By Leigh  Randolph, M.S., D.D.S.


We often define ourselves by how we think about things, what we think about, and how we solve problems. Each of those aspects is important to how we function in the world, and how we manage our daily lives. What are your thoughts about the upcoming election? What do you think about your job or the significant people in your life?

What happens when you think about a sunrise, or maybe one of your favorite childhood memories? What if that’s not the right question? When you stand at daybreak watching patterns of clouds and colors change as a new day dawns, and the world begin anew, how do you feel? When you happen on a favorite childhood memory and you see images in your mind’s eye, recall smells and tastes and tactile memories stored in your brain, how do you feel? Are you as comfortable with your feelings as you are with your thoughts?

Most of us are not. The culture that we live in is left brain, analytical and logically oriented. That orientation has given us an expansive encyclopedia of science and its technology, mathematics, our legal system, and western medicine to name a smattering. As we have made technology and rational thought our religion it has brought us health issues whose etiology is the stress in our lives and our inability to honor our own feelings.

The Buddha said “The way is not in the sky, the way is in the heart”, and yet, our mechanistic view of the world has led us to a highly developed intellect and a forgotten spiritual heart. That pattern keeps an important part of who we are, hidden. What must we do to let the light in our heart out into the world?

 Heart disease is the leading cause of death in the United States and kills more women these days than breast cancer. The research around breast cancer has shown a significant correlation between the incidence of right breast or left breast tumors and unresolved emotional issues with the patient’s father (right) or mother (left). It is unfortunate that the same kind of work hasn’t happened to acknowledge heart disease and the unresolved pain of a broken heart. We live so much in a world that demands proof and logic that we don’t often allow ourselves space in life to check in with our difficult emotions and feelings. Those feelings include the leftover ache from difficult decisions where there was no easy choice for right or wrong, the pain of ended relationships that couldn’t last for some reason, and include the flare of anger - either inward or outward when we express the anger, but don’t stop to ask ourselves why we feel it, or the real meaning behind those feelings.

Hindus, the Huichol of Mexico, and other indigenous tribes use the deer as the animal symbol to represent the heart. The Huichol call themselves the People of the Deer, and are a peace loving tribe dedicated to healing both body and soul. They understand both aspects of our nature as beings on this planet.

So how do we bridge the shade that keeps us from our feeling nature?  Carl Jung said “Your vision will become clear only when you look into your heart”.  Our thoughts are important, but when we live only in our head, our heart aches not from emptiness, but from the fullness of a lifetime’s pain unexpressed and unhealed. That ache keeps us from fully experiencing life because part of us is still caught in the pain of the past. Sometimes folks deny the pain completely and continue to recreate that ache because they are caught in a loop and don’t know how to let those feelings be a part of their growth, rather than the scratch in the lens through which they view their world. It is a fine line to walk, because we can rationalize our way into logic (“Get over it, life goes on.....”) as easily as we feel sorry for ourselves and get caught in the powerless version of a story.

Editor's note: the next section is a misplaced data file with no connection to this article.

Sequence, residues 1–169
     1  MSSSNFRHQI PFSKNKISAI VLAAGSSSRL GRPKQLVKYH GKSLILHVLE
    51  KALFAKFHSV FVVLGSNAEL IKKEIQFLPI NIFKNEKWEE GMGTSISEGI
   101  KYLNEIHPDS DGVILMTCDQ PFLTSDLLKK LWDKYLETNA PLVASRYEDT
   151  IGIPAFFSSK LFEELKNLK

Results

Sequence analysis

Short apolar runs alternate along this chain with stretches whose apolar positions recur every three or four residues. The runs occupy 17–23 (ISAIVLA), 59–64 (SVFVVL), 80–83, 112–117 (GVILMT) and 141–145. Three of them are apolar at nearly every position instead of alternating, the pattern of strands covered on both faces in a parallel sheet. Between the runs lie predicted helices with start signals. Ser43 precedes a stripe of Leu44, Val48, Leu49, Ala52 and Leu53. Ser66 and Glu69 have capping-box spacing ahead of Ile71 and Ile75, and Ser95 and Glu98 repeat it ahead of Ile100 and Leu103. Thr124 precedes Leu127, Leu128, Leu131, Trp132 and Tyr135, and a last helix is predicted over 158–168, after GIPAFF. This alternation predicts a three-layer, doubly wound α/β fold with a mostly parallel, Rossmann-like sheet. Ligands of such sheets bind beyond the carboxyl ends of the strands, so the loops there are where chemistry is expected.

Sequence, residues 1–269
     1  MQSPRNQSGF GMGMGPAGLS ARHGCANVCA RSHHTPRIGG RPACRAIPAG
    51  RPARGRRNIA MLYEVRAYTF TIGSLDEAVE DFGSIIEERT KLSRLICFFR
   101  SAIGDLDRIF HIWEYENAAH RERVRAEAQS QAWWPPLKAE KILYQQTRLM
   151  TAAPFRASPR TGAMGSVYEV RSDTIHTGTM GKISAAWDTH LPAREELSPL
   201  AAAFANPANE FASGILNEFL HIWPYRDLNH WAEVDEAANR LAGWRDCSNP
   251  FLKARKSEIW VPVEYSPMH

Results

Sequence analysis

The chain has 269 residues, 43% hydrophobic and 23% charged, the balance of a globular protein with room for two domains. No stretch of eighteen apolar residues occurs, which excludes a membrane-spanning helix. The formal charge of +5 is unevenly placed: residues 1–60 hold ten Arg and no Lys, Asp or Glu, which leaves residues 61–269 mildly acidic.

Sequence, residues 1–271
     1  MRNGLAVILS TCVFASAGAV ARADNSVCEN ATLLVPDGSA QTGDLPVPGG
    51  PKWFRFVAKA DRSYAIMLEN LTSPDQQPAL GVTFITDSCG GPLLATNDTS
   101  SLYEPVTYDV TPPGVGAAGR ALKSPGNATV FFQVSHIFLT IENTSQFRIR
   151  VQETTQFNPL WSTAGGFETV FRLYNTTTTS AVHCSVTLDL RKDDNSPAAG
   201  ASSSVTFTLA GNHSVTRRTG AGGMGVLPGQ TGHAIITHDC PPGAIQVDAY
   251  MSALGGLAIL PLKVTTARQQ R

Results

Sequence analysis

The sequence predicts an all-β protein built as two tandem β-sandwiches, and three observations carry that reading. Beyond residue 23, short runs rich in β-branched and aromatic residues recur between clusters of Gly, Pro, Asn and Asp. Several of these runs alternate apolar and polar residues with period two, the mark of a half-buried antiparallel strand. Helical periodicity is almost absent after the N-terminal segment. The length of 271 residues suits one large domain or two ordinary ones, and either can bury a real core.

The difficult part of the journey for most of us is that thinking about the pain doesn't resolve it. It is important to make space in our lives - moments, hours, or whatever is needed to feel in our bodies where we have stored that pain. It is also important to make that space to honor those difficult feelings. Jalla al-Din Rumi offered:

There is a way between voice and presence

 Where information flows,

In disciplined silence it opens.

With wandering talk it closes.

The willingness to honor the pain and the grief allows space for healing, as does acknowledging that some choices in life are difficult.

When we can sit in stillness and allow that information to be shared within ourselves we honor who we are and healing begins to happen. With that opening we begin to let in the light to find out how those experiences have made space for growth and deeper personal experiences as our accumulated wisdom has become more profound. By feeling that pain as a powerful lesson that increases the wattage of our own light, we illuminate and lessen our own burden bringing greater light to a world deeply in need of healing.


Leigh Randolph, D.D.S, M.S. is a Board Certified Endodontist who has a private dental practice and teaches dentistry at The Ohio State University. She is a certified Visionary Craniosacral Work™ practitioner, Holistic Coach™, Reiki Master, and Family Constellation Facilitator.